This lineage includes some of the most primitive of the great Sauropods. Some forms, like Shunosaurus, still retained many prosauropod features. Yet even at this early evolutionary stage they had already become specialised, developing ankylosaurid-like clubbed tails as protection against predators (and maybe also a sexual display device), and - in later forms - amazingly long necks. The lineage culminates in the 22 meter Mamenchosaurus, which has the longest neck for any animal.
Euhelopids have been drawn like dinosaurian giraffes, with the head held high in the air. In fact - as with the barosaurs and brachiosaurs - this pose is physiologically impossible. There is no way the heart could of pumped blood to the head against the force of gravity. A more reasonable explanation is that the neck was held stiffly in front of the body, and swung from side to side as the creature grazed on ferns and other herbacous plants.
The following is a tentative classification of the group.
family Euhelopodidae (=Mamenchisauridae)
length: 8 metres
weight: 1 to 2 tonnes
Bathonian or Callovian of China
Euhelopodidae and Mamenchisauridae by Dinogeorge
Isalo Formation, (Bathonian age)
Majungar, Madagascar (north-central Gondwana)
Several disarticulated by very well preserved juvenile skeltons [Dinosauria, pp.382-3].
Although this species was originally classified under the genus Bothriosponylus, family Brachiosauridae, the South American paleontologist Jose Bonaparte argues that it, along with the late Callovian age Volkheimeria chubutensis, possess a more primitive form of vertebrae, charac-terised by flat neural spines, structually intermediate between that of Vulcanodon (which has flat prosauropod-like vertebrae) and typical Cetiosaurids such as Braposaurus, Cetiosaurus, and Patagosaurus (with high neural spines consisting of four diverg-ing laminae) [Jose F. Bonaparte, "The early radiation and phylogenetic relationships of the Jurassic sauropod dinosaurs, based on vertebral anatomy"]. If this is a valid criteria, then Lapparentosaurus and Volkheimeria, despite their otherwise advanced brachiosaur-like structure, actually represent a persisting primitive lineage of sauropods that independently evolved brachiosaurid features.MEASUREMENTS LENGTH: 14 m to 18 m see also: World Records TIME C. medius: Bajocian "C." conybearei: Valanginian C. mogrebiensis: Bajocian to Bathonian C. oxonensis: Bajocian to Bathonian see also: Ages of the MesozoicCetiosaurus Owen, 1842 [nomen conservandum] TYPE SPECIES: C. medius Owen, 1842 [nomen conservandum] OTHER SPECIES: ?C. mogrebiensis de Lapparent, 1955 C. oxonensis Phillips, 1871 C. phillipsi Sauvage, 1880 [nomen nudum] PLACE C. medius: England "C." conybearei: England C. mogrebiensis: Morocco & Algeria? C. oxonensis: England see also: Paleo-Maps REMAINS C. medius vertebrae, limb elements "C." conybearei caudal vertebrae, chevron C. mogrebiensis several skeletons C. oxonensis 2 partial postcrania, vertebrae, limb elements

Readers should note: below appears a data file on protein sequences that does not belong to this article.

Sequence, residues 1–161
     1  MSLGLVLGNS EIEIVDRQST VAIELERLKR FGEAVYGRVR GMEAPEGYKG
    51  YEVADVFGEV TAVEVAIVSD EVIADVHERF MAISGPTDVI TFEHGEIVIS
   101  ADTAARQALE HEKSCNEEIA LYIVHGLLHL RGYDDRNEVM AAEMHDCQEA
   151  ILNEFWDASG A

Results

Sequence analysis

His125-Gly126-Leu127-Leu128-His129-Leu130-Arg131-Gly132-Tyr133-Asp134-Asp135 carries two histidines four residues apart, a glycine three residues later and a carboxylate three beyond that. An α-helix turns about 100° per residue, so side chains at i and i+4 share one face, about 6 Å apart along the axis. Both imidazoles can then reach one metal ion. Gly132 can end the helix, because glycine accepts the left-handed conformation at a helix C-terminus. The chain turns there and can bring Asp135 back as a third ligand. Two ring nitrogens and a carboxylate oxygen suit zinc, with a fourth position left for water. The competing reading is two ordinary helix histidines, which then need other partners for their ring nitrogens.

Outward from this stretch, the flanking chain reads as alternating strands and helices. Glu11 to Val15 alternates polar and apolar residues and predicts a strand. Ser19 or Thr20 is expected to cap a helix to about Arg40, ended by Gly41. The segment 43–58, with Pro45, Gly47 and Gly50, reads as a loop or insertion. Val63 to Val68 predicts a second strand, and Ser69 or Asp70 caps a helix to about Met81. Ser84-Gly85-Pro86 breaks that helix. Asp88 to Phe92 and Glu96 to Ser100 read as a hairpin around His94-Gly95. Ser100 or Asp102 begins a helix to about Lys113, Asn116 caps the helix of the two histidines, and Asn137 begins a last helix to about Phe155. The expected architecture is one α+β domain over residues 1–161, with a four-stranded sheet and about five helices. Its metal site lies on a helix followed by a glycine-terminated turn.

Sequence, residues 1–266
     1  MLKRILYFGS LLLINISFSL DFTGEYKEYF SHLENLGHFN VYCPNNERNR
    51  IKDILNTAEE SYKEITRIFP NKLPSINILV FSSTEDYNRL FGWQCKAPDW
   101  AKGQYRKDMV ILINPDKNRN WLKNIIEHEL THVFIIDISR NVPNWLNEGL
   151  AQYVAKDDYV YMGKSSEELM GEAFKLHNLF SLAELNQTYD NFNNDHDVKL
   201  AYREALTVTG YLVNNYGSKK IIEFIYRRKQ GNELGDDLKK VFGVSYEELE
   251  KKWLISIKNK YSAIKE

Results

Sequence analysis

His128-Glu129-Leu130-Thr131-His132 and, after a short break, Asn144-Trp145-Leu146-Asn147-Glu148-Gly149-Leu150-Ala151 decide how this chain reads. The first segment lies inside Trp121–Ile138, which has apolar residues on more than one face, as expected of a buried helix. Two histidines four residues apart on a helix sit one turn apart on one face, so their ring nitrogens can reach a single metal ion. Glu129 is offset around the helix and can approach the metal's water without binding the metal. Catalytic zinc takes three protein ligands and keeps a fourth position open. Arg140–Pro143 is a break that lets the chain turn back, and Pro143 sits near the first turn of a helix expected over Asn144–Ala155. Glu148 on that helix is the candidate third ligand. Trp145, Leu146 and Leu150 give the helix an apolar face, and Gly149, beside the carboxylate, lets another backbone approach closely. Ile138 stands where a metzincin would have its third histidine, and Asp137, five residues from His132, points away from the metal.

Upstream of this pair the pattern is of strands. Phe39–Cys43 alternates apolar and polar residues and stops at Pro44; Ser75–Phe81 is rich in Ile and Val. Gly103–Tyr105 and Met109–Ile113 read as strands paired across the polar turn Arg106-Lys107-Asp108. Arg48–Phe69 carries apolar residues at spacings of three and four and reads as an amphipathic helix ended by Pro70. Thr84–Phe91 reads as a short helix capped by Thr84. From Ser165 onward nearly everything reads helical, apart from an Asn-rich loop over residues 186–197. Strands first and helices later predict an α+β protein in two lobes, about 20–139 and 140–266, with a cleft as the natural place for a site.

This smallish sauropod was unusual in that it was a survivor of the very primitive Cetiosauroid line, existing as a sort of "living fossil" alongside its more advanced descendants. It probably should be grouped with Cetiosaurus, which it resembles, in the family Cetiosauridae, although Jose Bonaparte argues it should be placed in a distinct family because of its unusual and more advanced vertebral structure [J.F.Bonaparte, "Jurassic Sauropod Dinosaurs..." in The Beginning of the Age of Dinosaurs, ed K.Padian] (rather implausably, Bonaparte classes Haplocanthosaurus with Dicraeosaurus - which shows a similiar vertebral form but is otherwise a very different type of sauropod - in the Dicraeosauridae); the upper spine of each vertebra was single, not forked as in most sauropods [Field Guide to Dinosaurs, p.115]. Haplocanthosaurus resembled Brachiosaurus in its high shoulders, fairly long neck, and short tail, but this was the result of parallel evolution and adaptation to a giraffe-like high-feeding lifestyle, not direct relationship. The back was quite long, containing 14 vertebrae.
Haplocanthosaurus delfsi McIntosh
et Williams 1988
Morrison Formation; Colorado, United States
Partial skeleton lacking skull
Length: 21.5 metres; Weight about 25 tonnes
A huge and rare Haplocanthosaur, the last and one of the largest of the Cetiosaurids. Although "Cetiosaurus" has supposedly been reported from the early Cretaceous of england, those isolated postcrania would actually belong to other sauropods of that time. It seems that this family, once so successful and widespread, did not survive the mid-Tithonian extinction.
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page historypage uploaded 6 May 1999